Mr. Forkenbrock estimates that about 600 districts will eventually gain funds, while most will see no change or a decrease.

About 800 districts will eventually be knocked out of the program by tighter eligibility requirements for children of civilian federal employees, formerly called "civilian b's."

Getting the Ax

Such students will draw aid for a district under the new formula only if it has 2,000 or more of them, and they equal or exceed 15 percent of the district's average daily attendance.

Previously, districts that had 400 such students, or where they made up 3 percent of total enrollment, were eligible for aid.

Districts that qualified in the past based solely on "civilian b" students get just one year of hold-harmless payments. These are the districts that will be dropped from the program; Mr. Hansen said that just 18 such districts would get aid under the new rules.

Lawmakers targeted these districts for cuts based on a belief that they are affected relatively little by the federal presence in their area. But it will take a large slice out of some budgets.

For example, Fred Cabler, the accounting director for the Chesapeake, Va., public schools, said his district will see impact aid fall from $1.5 million in 1994 to about $600,000 by 1997.

But Mr. Hansen called the change "a good, responsible move."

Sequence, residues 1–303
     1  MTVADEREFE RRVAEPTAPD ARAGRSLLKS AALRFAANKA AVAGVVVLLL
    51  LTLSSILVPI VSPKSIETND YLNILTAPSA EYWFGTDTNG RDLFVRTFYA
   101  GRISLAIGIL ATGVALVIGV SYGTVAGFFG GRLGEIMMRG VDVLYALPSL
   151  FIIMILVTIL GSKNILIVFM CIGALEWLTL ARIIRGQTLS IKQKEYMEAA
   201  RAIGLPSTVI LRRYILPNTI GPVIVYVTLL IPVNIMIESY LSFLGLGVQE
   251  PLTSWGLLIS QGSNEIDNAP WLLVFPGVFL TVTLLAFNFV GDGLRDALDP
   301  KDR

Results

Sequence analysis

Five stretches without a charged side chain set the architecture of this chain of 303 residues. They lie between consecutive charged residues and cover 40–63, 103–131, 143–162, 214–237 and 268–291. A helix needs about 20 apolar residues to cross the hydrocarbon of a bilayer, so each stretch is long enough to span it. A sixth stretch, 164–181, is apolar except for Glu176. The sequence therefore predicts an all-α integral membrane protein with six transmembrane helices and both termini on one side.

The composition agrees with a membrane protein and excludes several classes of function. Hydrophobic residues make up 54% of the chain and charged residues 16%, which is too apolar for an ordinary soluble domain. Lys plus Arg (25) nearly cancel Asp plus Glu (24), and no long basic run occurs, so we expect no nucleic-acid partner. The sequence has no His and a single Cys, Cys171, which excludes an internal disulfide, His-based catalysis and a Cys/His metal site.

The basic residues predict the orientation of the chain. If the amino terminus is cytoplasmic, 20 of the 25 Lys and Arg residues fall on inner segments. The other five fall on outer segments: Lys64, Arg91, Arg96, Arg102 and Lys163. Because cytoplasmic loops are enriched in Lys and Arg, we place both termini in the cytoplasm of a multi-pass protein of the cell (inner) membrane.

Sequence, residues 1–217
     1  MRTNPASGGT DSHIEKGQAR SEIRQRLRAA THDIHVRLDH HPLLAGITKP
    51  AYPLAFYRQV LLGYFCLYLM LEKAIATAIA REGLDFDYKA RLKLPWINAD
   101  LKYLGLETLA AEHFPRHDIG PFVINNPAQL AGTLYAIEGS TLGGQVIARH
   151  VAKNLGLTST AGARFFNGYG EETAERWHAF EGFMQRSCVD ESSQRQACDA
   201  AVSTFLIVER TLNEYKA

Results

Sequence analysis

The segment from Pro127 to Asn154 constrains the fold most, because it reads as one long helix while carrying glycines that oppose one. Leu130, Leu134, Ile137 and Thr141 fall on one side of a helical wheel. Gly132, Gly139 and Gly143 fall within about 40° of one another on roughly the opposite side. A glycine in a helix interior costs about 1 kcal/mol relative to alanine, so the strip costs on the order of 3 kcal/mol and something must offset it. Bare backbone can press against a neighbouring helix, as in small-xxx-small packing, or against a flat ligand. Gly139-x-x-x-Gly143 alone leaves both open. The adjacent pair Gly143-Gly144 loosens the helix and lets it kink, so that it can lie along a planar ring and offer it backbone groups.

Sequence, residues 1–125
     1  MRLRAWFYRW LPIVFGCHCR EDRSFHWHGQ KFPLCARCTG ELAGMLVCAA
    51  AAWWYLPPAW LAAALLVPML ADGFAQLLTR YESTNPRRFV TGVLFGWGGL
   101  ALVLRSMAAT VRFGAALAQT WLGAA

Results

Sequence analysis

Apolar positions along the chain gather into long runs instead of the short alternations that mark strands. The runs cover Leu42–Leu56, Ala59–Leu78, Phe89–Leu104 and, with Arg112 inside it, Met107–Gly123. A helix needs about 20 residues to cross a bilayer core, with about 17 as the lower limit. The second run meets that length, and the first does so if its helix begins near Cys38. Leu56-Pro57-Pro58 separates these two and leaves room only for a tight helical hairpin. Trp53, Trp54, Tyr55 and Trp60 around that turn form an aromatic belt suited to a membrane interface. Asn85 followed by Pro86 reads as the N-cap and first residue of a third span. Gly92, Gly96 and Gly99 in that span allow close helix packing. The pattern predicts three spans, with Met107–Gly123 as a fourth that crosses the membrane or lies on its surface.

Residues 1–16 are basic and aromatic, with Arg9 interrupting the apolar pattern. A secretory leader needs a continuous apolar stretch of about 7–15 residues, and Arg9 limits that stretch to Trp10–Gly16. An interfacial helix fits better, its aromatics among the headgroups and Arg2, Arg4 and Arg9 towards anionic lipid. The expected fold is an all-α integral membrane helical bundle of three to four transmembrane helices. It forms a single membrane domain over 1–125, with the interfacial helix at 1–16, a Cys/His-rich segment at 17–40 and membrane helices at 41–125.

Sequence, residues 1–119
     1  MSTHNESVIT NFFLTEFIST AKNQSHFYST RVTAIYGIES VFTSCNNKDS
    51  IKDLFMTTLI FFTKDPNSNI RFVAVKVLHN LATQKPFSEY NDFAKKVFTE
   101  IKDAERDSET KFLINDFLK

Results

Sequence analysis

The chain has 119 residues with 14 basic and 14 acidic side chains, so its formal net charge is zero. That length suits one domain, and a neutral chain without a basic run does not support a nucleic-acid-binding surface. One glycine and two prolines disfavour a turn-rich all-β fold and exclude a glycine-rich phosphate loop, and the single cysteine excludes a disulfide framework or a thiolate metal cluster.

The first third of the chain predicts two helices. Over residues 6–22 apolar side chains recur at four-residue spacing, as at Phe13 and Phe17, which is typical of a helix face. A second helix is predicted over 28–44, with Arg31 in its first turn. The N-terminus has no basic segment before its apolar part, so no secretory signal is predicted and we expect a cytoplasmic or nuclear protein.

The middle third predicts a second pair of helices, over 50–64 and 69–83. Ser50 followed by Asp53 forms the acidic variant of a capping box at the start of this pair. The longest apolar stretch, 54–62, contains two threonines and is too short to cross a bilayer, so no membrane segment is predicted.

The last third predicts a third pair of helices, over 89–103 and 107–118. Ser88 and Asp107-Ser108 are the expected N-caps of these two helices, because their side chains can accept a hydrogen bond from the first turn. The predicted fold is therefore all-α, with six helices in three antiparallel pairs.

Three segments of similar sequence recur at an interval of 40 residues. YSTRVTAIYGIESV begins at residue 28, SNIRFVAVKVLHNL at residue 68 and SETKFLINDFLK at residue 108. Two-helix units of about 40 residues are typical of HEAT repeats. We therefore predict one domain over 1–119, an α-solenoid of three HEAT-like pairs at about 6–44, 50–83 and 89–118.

"We had to target our money better. To do that, we needed to eliminate someone," he said.

Other changes include:

  • A separate funding pot for districts with federally connected, disabled students. Previously, special-education students received an additional weight under the regular impact-aid formula. The new law limits special-education funding to children from military families and Indian land.
  • New rules for a program aiding districts affected by military-base realignments, specifying that a district's enrollment must rise by at least 10 percent or 100 students for it to qualify.
  • A construction program for high-impact districts.

Impact-aid districts are now anxiously awaiting the Administration's 1996 budget proposal, which should be out in February. Advocates are hoping that the new law will help them in the appropriations process--and that lawmakers will not hit them with two budget cuts in a row.

"We're not a popular program," Mr. Hansen noted.

Vol. 14, Issue 09